I’ll never forget the first time I heard his name.
I was sitting by the fire in a hotel sitting room where countless students from across the country had gathered on their journey to further their theological education. As the night wore on, we talked about the delights of connecting with members at our churches. We laughed at stories about small children shouting with joy as they sprinted to the altar during Holy Communion. We sipped our evening drinks, supporting one another as we listened to praise reports and horror stories.
I wondered what I would say. Though I appeared eager to listen, to pray, and to offer a word from Scripture, I was cowering on the inside. It reminded me of a high school English class when the teacher asks how everyone liked the previous night’s chapter. But you didn’t read it, so you pray with every ounce of your being that the smart kids carry on the conversation and you can just riff off what they said.
“So, how’s it going in the ‘hood?” These words were met with the sound of everyone turning to listen to my response.
I struggled to find words. The truth was that life in our neighborhood sucked (for lack of a better term). Murder, overdose, drunkenness, and poverty all consumed our people. Poor families in an endless cycle of struggling to make rent. Addicts shooting dope in the restrooms. Kids – many of whom are victims of unspeakable abuse – were taking out their pain on others. Both verbal and physical violence seemed to be the answer to all the problems. To make matters worse, it seemed that no matter how committed the teachers were to teach these kids about Jesus, the reality was that the truths of love, acceptance, and forgiveness were going in one ear and out the other. Not a single child was listening to what anyone had to say. To me, this was a microcosm of the city. We preach, teach, and serve but see no results. I had all but given up. I was tired of trying.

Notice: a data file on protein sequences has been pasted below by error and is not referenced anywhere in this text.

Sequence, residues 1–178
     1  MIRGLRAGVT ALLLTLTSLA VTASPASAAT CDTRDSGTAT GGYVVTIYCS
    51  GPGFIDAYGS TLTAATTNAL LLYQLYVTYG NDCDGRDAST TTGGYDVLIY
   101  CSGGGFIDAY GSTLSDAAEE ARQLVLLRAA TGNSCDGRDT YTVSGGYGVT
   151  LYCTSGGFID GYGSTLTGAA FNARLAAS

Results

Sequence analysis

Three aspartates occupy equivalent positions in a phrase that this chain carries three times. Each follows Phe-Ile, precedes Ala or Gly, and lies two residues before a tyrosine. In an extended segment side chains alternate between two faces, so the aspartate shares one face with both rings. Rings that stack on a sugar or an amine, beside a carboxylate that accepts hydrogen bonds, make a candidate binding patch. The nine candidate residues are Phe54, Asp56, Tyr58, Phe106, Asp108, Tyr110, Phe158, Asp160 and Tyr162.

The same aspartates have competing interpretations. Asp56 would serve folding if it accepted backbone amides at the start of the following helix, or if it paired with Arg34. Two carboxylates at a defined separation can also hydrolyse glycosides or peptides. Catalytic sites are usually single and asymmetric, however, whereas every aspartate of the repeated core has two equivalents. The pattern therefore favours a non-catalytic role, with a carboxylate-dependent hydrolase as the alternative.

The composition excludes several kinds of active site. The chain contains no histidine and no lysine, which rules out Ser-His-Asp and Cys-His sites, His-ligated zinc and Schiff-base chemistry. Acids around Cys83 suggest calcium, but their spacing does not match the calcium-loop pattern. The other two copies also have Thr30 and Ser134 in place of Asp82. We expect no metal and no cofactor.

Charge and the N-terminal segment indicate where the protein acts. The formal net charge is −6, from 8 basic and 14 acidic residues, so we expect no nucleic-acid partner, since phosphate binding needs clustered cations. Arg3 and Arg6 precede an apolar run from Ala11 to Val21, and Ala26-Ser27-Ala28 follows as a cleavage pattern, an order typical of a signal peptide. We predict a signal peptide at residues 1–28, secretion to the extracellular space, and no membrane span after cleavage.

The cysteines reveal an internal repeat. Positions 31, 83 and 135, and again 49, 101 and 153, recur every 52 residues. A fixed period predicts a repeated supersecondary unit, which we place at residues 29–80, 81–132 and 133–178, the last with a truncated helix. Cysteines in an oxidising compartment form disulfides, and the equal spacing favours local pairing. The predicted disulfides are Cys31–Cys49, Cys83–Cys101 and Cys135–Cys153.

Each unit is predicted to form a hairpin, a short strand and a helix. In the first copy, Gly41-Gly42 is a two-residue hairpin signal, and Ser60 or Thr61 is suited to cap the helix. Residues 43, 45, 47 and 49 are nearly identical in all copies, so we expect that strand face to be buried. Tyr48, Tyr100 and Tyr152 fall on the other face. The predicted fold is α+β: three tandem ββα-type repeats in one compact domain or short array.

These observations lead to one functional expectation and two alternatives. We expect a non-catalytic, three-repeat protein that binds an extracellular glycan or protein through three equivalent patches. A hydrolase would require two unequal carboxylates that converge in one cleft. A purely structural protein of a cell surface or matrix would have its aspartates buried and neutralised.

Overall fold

“Tough,” I said, fighting back emotions, and then slowly began opening up to one of the men that was sitting by me. I told him I was facing the fear that maybe I didn’t have what it took to be a pastor. Maybe all the time and effort we were putting in at church was falling on deaf ears. Maybe the Spirit just wasn’t working. It might be time to pack up and move on.
Whether you want to admit it or not, you have probably, more than likely, absolutely felt this way. You’ve even denied tooth and nail that you do. Jobs, family life, and circles of friends. Church life, organizations, and events. The very things that make up who you are just don’t seem to have that “umph” anymore. You’re tired, depressed, and even skeptical about the work that you are doing. You haven’t just hit a wall. You have thrown yourself into it. And while you’re on the ground, Satan whispers ever so loudly in your ear, “What you do doesn’t really make a difference. Nobody cares about what you have to say in a podcast, in an article, or a sermon. Give up. Start something else. Move on.”
After listening to my laundry list of struggles and confessions, my buddy smiled at me and said two words – a first and last name – that changed my thinking toward my life as a Christian man:
The most famous person that you’ve never heard of (or maybe you have) might just be Edward Kimball. The story of the way God used a very ordinary man for extraordinary purposes begins all the way back on July 29, 1823, when Kimball was born in Rowley, Massachusetts. He would grow up and eventually become the Sunday School teacher at Mt. Vernon Congregational Church in Boston on Beacon Hill. At this church, he met a young boy who was only coming to church because he was working at his uncle’s shoe store, and his employment was contingent on his attendance. A young boy resistant to the grace of God provided Mr. Kimball with some interesting and frustrating conversations. But he did not give up. He went so far as to even visit the young man at his shoe store. Their relationship continued to build, and eventually the Holy Spirit did what the Holy Spirit does and the young man was converted to Christianity by the work of the Holy Spirit in the name of Jesus.